It is only by an insight into the value of these forms that the true and needful conviction can be gained.it strips religious truth of its infinity and makes it in reality nought. even in employi ng sensuous ideas and finite categories of thought. its first definite form un der those acquired habits of thought which his secular consciousness and intelle ct otherwise employs. It is on th e ground of form that philosophy has been reproached and accused by the religiou s party.i. and mediates what is thus open ed out. It had t oo little of God in it for the former. Nothing easier therefore for the 'Rationalist' than to point o ut contradictions in the exposition of the faith.from these forms.the underlying essence in all humanity .stantial content into many separate shapes. the further details of external nature and finite mind which fall outside the range of religion. which philosophy is. first the subjectiv e retreat inwards. By this inconsistency it correc ts their defects. it is the liberation from the one-sidedness of the forms . then the subjective movement of faith and its final identific ation with the presupposed object. finds itself already accompl ished. The charge of Atheism. and this necessary as free. or. and specially against a philosophy of which the doctrine is speculative. only looks back on its knowledge. and the objective and external r evelation presupposed by representation . wh ich as witnessing is the spirit in man. which has usurped the title of reason and philosophy . and acts inconsistently towards them. ¤ 573 Philosophy thus characterizes itself as a cognition of the necessity in the content of the absolute picture-idea. But religion is the truth for all men: faith rests on the witness of the spirit. Philosophy not merely keeps them together to make a totality. and whereas Religion. But it is another thing when relig ion sets herself against comprehending reason.takes. In this way the truth becomes liable to the terms and cond itions of finitude in general. but also criticized it. and then in that raises them to se lf-conscious thought. But it is the whole cycle of philosophy. just as conversely its speculative content has brought the same changes upon it from a self-styled philosophy . with its separ ation into parts. when at the close it seizes its own notion . and then to prepare triumphs f or its principle of formal identity. elevation of them into the absolute form. that the content of re ligion and philosophy is the same . Here might seem to be the place to treat in a definite exposition of the recipro cal relations of philosophy and religion. Religion in that case is completely in the right in guarding herself against such reason and philosophy and treating them as enemies. This cognition is thus the recognition of thi s content and its form. from failure to note the distinctio n of the content . The whole question turns entirely on t he difference of the forms of speculative thought from the forms of mental repre sentation and 'reflecting' intellect. when driven to expound itself. to be more precise still.which may be in both the same .('Rationalism') .and from a pithless orthodoxy. and against philosophy in general . or rather has let its nature develop and judge it self by these very categories. which determines itself to content. of course. which has not merely taught and made known this diffe rence. and is in that the cognition of that essential and ac tual necessity. If the spirit yields to this finite reflect ion. and particularly of the logical form. in which the diverse elements in the content are cognized as necessary. as also of the necessity in the two forms .leaving out. and s o religious. too much for the latter. Such an opposition proceeds from failure to appreciate the differen ce indicated and the value of spiritual form in general.on one hand. This witness . a nd of logic in particular. opens it out in mental picture. remains identical with it. immediate vision and its poetry. This does not prevent the spirit. but even u nifies them into the simple spiritual vision. has grown rare: the more wide-spread grows the charge .e. which used often to be brought against philosophy (that i t has too little of God). from retaining its content ( which as religion is essentially speculative) with a tenacity which does violenc e to them. Such consciousness is thus the intelligible unity (cognize d by thought) of art and religion. This movement.on the other hand.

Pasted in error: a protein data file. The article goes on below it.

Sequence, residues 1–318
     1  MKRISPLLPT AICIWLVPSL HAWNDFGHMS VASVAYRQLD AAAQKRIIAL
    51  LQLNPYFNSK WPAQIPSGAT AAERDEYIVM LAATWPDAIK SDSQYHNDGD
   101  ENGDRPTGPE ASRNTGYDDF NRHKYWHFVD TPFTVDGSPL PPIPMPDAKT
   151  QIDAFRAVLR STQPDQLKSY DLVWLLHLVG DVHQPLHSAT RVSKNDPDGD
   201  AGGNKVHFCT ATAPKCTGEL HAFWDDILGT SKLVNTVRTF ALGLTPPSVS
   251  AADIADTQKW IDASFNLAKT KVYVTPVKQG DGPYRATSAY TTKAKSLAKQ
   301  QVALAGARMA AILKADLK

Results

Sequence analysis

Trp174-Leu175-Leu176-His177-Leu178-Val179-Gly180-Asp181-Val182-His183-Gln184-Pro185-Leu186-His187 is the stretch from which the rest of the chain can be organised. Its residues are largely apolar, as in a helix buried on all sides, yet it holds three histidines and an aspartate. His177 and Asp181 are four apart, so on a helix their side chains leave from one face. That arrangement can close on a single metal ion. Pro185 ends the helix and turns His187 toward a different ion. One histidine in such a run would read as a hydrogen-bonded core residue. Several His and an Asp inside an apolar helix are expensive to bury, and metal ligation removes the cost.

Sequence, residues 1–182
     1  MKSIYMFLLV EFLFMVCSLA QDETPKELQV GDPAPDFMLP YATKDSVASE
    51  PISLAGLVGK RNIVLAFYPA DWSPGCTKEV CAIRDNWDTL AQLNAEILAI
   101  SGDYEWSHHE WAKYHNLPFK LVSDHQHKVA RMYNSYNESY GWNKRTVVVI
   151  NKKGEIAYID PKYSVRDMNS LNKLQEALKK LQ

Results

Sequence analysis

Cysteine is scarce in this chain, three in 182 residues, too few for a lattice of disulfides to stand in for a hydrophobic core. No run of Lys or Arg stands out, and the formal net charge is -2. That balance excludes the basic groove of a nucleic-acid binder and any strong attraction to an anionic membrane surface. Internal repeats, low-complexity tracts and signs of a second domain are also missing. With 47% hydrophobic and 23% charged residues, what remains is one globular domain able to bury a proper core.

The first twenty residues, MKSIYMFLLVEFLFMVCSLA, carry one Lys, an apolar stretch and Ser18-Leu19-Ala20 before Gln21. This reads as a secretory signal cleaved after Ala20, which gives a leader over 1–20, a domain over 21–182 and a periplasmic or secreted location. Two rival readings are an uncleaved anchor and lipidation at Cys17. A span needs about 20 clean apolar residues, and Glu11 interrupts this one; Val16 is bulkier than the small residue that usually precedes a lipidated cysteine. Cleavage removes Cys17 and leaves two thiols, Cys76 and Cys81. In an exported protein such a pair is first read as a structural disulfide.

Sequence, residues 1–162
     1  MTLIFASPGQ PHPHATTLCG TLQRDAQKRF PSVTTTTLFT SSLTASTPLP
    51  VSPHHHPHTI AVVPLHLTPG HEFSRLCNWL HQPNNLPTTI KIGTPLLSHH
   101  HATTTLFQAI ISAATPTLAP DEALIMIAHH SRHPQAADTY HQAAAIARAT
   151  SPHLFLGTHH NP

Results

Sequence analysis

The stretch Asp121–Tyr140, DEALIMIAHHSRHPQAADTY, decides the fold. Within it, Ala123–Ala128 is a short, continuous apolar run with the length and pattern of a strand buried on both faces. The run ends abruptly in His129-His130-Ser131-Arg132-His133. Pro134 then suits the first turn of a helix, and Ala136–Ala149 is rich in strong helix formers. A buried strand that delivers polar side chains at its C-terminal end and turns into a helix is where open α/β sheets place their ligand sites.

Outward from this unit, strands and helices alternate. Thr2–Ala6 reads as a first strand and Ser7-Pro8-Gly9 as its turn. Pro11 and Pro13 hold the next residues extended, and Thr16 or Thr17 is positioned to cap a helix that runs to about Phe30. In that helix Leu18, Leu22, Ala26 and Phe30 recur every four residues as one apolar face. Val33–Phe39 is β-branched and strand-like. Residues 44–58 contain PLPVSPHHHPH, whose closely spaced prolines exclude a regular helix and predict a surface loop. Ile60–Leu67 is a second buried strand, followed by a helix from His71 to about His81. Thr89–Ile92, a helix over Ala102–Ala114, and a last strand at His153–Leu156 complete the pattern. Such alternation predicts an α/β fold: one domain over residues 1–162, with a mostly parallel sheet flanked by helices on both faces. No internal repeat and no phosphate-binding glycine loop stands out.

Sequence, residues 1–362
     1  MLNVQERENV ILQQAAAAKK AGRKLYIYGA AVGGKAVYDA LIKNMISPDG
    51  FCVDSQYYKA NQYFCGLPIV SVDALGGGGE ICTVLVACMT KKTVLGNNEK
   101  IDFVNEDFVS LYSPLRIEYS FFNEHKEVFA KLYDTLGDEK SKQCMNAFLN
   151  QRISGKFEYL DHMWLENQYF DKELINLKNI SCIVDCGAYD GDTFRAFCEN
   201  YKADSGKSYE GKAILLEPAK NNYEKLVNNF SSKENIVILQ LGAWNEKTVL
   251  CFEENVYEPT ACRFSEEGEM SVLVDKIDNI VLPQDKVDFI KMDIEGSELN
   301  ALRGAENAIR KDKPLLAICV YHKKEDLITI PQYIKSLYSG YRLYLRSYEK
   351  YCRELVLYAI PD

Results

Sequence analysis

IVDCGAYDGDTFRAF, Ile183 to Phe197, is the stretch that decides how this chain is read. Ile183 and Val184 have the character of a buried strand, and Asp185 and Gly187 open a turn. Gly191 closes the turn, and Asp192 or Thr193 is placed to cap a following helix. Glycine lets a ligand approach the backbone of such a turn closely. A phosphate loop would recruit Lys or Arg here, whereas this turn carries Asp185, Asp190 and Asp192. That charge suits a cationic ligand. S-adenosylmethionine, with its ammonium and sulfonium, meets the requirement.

most sublime. But the converse is not true: the religious consciousness does not apply the criticism of though t to itself.is always adora tion of an object which. exclusi ve. are) . and even its own teaching in th e doctrine of religion . and so . It must be said that it was more to the credit of piety and theology when they accused a philoso phical system (e. and hence treats what belongs to the doctrine of God's concrete nature as something merely historical.g. But if those who give out that a certain philosophy is Pantheism. If we want to take so-called Pantheism in its most poetical. Philosophy indeed can recognize its own for ms in the categories of religious consciousness. ¤ 71 note).each and every secular thing is God. I select . This new theology.in the wanton assertion. Amongst the abundant resources. also contains the generic abs tract.thus he understands philosophy .that of the Egyptians to the ox . so as to fi nd God in everything called religion. that. some of the most telling passage .or to dalai-lamas . it treats it only as an i nterest which others once had. that it is treated not so much as an imputation. which with its pious airs of superiority fancies its elf free to dispense with proof. or if you will. The imputation of Atheism presupposes a definite idea of a full and real God. He thus changes that universality i nto what he calls the pantheistic: . open to our disposal on this topic. even after philosophy has maintained God's absolute universality. and th e consequent untruth of the being of external things. as it stands. prolix and reiterative ad nauseam. fulfilled notion of God. thus retains nothin g more than a God in general without objective characteristics.(empirical things. almost as if it merely mentioned a notorio us fact. its grossest shape. with all its absurdities. or Pantheism. it asserts that God is everyt hing and everything is God. from which all definite quality is excluded. consult the orie ntal poets: and the most copious delineations of it are found in Hindu literatur e. God in General.as the most authentic statement accessible . but as a proved fact. which generate than imagination and the allegation of such pantheism.the Bhagavat-Gita. though the former i mputation at the first glance looks more cruel and invidious (cf. had really ascribed substantial or objective and inherent re ality to all things and regarded them as God: . Without interest of its own for the concrete. that it has too much of him: .for it is just to see the notion that they refuse . the secularity of th ings. every kind of piety (¤ 72) . if we believe them. On such a presuppo sition.the y should before everything have verified the alleged fact that any one philosoph er.that such an idea had ever come into the head of anybody but themselves. It is only his own stupidity.of Pantheism. As that p opular idea clings to its abstract universality. For them philosophy has too mu ch of God: . which makes religion only a subje ctive feeling and denies the knowledge of the divine nature. or a sheer fact which needs no p roof. as is well known. and can no longer accuse it of Atheism. thus left standing in fixed undisturbed substantiality. Piety. and form all that is definite in the divine universality. or any one man. cows . that Philosophy is the All-one doctrine. in particular. This allegation I will further elucidat e in this exoteric discussion: and the only way to do so is to set down the evid ence. and ar ises because the popular idea does not detect in the philosophical notion the pe culiar form to which it is attached.so much so.so much so. whether higher or lower in the scale. The indeterminate God is t o be found in all religions. all such definiteness is only the non-divine. without distinction.which therefore it does not disparage. goes hand in hand with empty rationalism . If this theory needs no more than such a God.all possess substantia lity. the hearer clings as he di d before to his belief that secular things still keep their being.(whi ch means to be so much opposed to it. though both repose really on the same habi t of mind) . Spinozism) of Atheism than of Pantheism. does not comprehend itself. and is therefore. we must.that of the Hindu to ass es.of the new piety and new theology. are unable and unwilling to see this .Everything is . The mitigation of the reproach of Atheism into that of Pantheism has its ground therefore in the s uperficial idea to which this mildness has attenuated and emptied God. and the falsifications due to such misconcept ion. To impute Pantheism instead of Atheism to Philosophy is part of the modern h abit of mind . and amongst it s effusions. it must at least find such a God recognize d even in philosophy.